Grisha, a chubby little boy, born two years and eight months ago, is walking on the boulevard with his nurse. He is wearing a long, wadded pelisse, a scarf, a big cap with a fluffy pom-pom, and warm over- boots. He feels hot and stifled, and now, too, the rollicking April sunshine is beating straight in his face, and making his eyelids tingle.

The whole of his clumsy, timidly and uncertainly stepping little figure expresses the utmost bewilderment.

Hitherto Grisha has known only a rectangular world, where in one corner stands his bed, in the other nurse’s trunk, in the third a chair, while in the fourth there is a little lamp burning. If one looks under the bed, one sees a doll with a broken arm and a drum; and behind nurse’s trunk, there are a great many things of all sorts: cotton reels, boxes without lids, and a broken Jack-a-dandy. In that world, besides nurse and Grisha, there are often mamma and the cat. Mamma is like a doll, and puss is like papa’s fur-coat, only the coat hasn’t got eyes and a tail. From the world which is called the nursery a door leads to a great expanse where they have dinner dan tea. There stands Grisha’s chair on high legs, and on the wall hangs a clock which exists to swing its pendulum and chime. From the dining-room, one can go into a room where there are red arm-chairs. Here, there is a dark patch on the carpet, concerning which fingers are still shaken at Grisha. Beyond that room is still another, to which one is not admitted, and where one sees glimpses of papa—an extremely enigmatical person! Nurse and mamma are comprehensible: they dress Grisha, feed him, and put him to bed, but what papa exists for is unknown. There is another enigmatical person, auntie, who presented Grisha with a drum. She appears and disappears. Where does she disappear to? Grisha has more than once looked under the bed, behind the trunk, and under the sofa, but she was not there.…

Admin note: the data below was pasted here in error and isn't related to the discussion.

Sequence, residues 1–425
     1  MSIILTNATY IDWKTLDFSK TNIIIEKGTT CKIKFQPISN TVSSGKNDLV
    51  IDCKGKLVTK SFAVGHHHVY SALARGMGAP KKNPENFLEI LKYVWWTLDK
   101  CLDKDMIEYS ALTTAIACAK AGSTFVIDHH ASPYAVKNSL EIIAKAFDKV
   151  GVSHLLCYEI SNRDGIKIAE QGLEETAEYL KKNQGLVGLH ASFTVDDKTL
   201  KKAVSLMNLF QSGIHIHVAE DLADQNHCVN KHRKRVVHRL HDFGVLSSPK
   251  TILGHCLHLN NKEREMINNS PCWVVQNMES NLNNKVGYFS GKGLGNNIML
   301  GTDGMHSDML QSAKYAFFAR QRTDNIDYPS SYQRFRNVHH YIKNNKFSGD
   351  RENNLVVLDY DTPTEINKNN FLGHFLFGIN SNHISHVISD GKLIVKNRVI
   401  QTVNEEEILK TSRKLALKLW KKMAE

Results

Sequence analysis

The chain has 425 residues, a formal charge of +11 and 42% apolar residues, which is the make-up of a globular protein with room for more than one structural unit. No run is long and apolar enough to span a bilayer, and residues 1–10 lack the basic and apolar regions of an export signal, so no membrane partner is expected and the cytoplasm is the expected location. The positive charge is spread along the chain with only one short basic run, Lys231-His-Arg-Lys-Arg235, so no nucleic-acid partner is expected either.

In this new world, where the sun hurts one’s eyes, there are so many papas and mammas and aunties, that there is no knowing to whom to run. But what is stranger and more absurd than anything is the horses. Grisha gazes at their moving legs, and can make nothing of it. He looks at his nurse for her to solve the mystery, but she does not speak.

All at once he hears a fearful tramping.…A crowd of soldiers, with red faces and bath brooms under their arms, move in step along the boulevard straight upon him. Grisha turns cold all over with terror, and looks inquiringly at nurse to know whether it is dangerous. But nurse neither weeps nor runs away, so there is no danger. Grisha looks after the soldiers, and begins to move his feet in step with them himself.

Two big cats with long faces run after each other across the boulevard, with their tongues out, and their tails in the air. Grisha thinks that he must run too, and runs after the cats.

“Stop!” cries nurse, seizing him roughly by the shoulder. “Where are you off to? Haven’t you been told not to be naughty?”

Here there is a nurse sitting holding a tray of oranges. Grisha passes by her, and, without saying anything, takes an orange.

“What are you doing that for?” cries the companion of his travels, slapping his hand and snatching away the orange. “Silly!”

Now Grisha would have liked to pick up a bit of glass that was lying at his feet and gleaming like a lamp, but he is afraid that his hand will be slapped again.

“My respects to you!” Grisha hears suddenly, almost above his ear, a loud thick voice, and he sees a tall man with bright buttons.

To his great delight, this man gives nurse his hand, stops, and begins talking to her. The brightness of the sun, the noise of the carriages, the horses, the bright buttons are all so impressively new and not dreadful, that Grisha’s soul is filled with a feeling of enjoyment and he begins to laugh.

  By PanEris using Melati.

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